As one of my counsellors put it...with rights come responsibilities. If someone is too fat to work / has problems controlling food, perhaps they might seek informed help from an obesity or eating disorder specialist. Go see a doctor and ask for psychological help. This with the proviso that benefits might become available when they can demonstrate that they have taken some steps to deal with the problem.

Watch this space for more.

Anorexia Porn: The Good, Bad And Ugly.

During the last 6 months I have read 3 manuscripts of anorexic suffering written by people who have partially recovered and 4 books about anorexic suffering which have actually found a publisher.

Our staff here at the National Centre for Eating Disorders,  who know about a lot about eating disorders,  have also read these works (no confidentiality requested) and we have all ended up dismayed and overwhelmed by the grisly details of what people have done and thought as a result of their illness often for years on end.

We have Post Traumatic Anorexia Disorder for which the cure is rest, compassion for ourselves and others, and taking care of ourselves.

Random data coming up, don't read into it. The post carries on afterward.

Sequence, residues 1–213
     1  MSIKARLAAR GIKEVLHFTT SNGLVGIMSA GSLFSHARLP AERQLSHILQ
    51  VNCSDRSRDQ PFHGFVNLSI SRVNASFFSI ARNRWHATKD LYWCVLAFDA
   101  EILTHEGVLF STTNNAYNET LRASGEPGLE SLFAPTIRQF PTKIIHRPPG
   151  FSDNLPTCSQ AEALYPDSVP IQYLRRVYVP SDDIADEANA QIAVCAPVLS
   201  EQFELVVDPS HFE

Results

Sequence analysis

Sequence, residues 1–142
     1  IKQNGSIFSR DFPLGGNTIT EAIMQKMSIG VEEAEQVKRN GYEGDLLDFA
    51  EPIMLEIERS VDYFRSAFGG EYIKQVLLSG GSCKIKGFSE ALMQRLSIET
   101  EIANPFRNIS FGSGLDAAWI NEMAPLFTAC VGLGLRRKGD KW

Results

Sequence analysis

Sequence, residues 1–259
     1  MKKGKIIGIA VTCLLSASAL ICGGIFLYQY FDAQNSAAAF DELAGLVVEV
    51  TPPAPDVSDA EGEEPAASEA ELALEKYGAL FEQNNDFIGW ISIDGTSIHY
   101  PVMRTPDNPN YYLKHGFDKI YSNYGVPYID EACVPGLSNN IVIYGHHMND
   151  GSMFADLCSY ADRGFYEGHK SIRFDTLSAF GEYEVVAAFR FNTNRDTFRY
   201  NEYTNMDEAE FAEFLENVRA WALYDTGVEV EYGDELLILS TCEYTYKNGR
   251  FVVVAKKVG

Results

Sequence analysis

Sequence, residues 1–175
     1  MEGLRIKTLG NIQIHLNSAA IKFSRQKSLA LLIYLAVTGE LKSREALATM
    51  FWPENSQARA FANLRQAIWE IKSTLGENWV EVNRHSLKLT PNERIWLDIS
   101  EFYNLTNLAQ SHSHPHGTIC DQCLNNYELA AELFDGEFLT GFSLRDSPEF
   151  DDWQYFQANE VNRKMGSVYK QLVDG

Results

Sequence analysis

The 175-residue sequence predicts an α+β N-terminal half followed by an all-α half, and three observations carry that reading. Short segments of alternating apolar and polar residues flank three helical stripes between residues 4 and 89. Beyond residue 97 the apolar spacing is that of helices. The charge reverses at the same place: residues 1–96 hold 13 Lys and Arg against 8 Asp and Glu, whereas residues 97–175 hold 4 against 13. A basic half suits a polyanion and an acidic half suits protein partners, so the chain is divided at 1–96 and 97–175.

But as we move in to eating disorders awareness week must ask for whom is this useful, for Sufferers?  The Public?  Therapists?  No one?

You may know me by now, I say what I think and I don't play the party line. If you really want to know about the good, the bad and the ugly anorexia porn,  check out what I have written on  our website blog (I don't want to write it twice). The bad anorexia porn might be a reality star posting bony pictures of herself on Instagram.

But are these accounts any better? If you want to know what I really find valuable, follow this link.

Tuesday, 27 January 2015

Anorexia And Auschwitz: A Cry From A Specialist

I cannot let the 70th Anniversary of the Liberation of Auschwitz pass without mentioning it in my eating disorder post.

To honour the suffering of those who endured torture, starvation and murder in the concentration camps, I bring myself to watch the film records and listen to the individual stories of heinous crimes, sometimes the small individual torments impacted on me more than the gross depictions of the crimes of Nazi Germany.